The British coalition government led by Prime Minister David Cameron has rejected a new treaty, favored by France and Germany, which attempts to "save
" Europe's common currency by committing member states to balancing their budgets and sacrificing some of their sovereignty to a central fiscal authority.
Hungary was the only other EU member state to dissent, joining Britain in preventing unanimity across the European Union and causing great frustration to pro-EU governments.
Cameron delivered stirring remarks in defense of British sovereignty to the press and the public:
Sorry, that was fictional Minister Jim Hacker from the 1980s British television comedy Yes, Minister
Here are some of Cameron's remarks:
The decisions taken here tonight all flow from one thing: the fact there is a single currency in Europe, the Euro. Britain is out of it, and will remain out of it. Other countries are in it, and are having to make radical changes--including giving up sovereignty to try and make it work.
I still prefer this timeless exchange
from another episode of Yes, Minister
: Minister, Britain has had the same foreign policy objective for at least the last five hundred years: to create a disunited Europe. In that cause we have fought with the Dutch against the Spanish, with the Germans against the French, with the French and Italians against the Germans, and with the French against the Germans and Italians. Divide and rule, you see. Why should we change now, when it's worked so well?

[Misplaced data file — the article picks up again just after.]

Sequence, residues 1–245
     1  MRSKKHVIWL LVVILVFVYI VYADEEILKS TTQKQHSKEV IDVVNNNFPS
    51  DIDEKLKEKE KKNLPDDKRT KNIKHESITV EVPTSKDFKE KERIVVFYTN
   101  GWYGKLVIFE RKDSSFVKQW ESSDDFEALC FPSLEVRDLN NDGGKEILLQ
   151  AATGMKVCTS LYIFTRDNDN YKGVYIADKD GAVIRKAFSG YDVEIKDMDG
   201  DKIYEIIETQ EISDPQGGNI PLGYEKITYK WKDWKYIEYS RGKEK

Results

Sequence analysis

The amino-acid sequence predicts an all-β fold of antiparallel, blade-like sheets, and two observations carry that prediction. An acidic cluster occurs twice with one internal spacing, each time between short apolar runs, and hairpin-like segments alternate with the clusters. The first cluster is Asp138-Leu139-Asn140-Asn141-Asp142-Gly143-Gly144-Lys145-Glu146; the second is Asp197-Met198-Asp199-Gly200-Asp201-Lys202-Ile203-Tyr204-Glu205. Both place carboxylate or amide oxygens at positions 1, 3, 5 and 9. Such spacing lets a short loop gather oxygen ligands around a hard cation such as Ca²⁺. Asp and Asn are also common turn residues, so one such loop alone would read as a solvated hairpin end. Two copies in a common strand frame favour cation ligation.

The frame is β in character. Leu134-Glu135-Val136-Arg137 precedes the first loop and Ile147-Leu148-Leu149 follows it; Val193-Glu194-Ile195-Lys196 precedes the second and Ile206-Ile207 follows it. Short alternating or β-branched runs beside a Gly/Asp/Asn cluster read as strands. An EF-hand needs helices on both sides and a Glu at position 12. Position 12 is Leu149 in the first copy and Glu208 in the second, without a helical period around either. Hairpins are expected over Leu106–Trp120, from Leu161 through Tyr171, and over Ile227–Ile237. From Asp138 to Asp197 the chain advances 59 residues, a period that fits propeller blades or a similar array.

: That's all ancient history, surely?
: Yes, and current policy. We had to break the whole thing [the EEC] up, so we had to get inside. We tried to break it up from the outside, but that wouldn't work. Now that we're inside we can make a complete pig's breakfast of the whole thing: set the Germans against the French, the French against the Italians, the Italians against the Dutch. The Foreign Office is terribly pleased; it's just like old times.
: But surely we're all committed to the European ideal?
: [chuckles] Really, Minister.
: If not, why are we pushing for an increase in the membership?
: Well, for the same reason. It's just like the United Nations, in fact; the more members it has, the more arguments it can stir up, the more futile and impotent it becomes.
: What appalling cynicism.
: Yes... We call it diplomacy, Minister.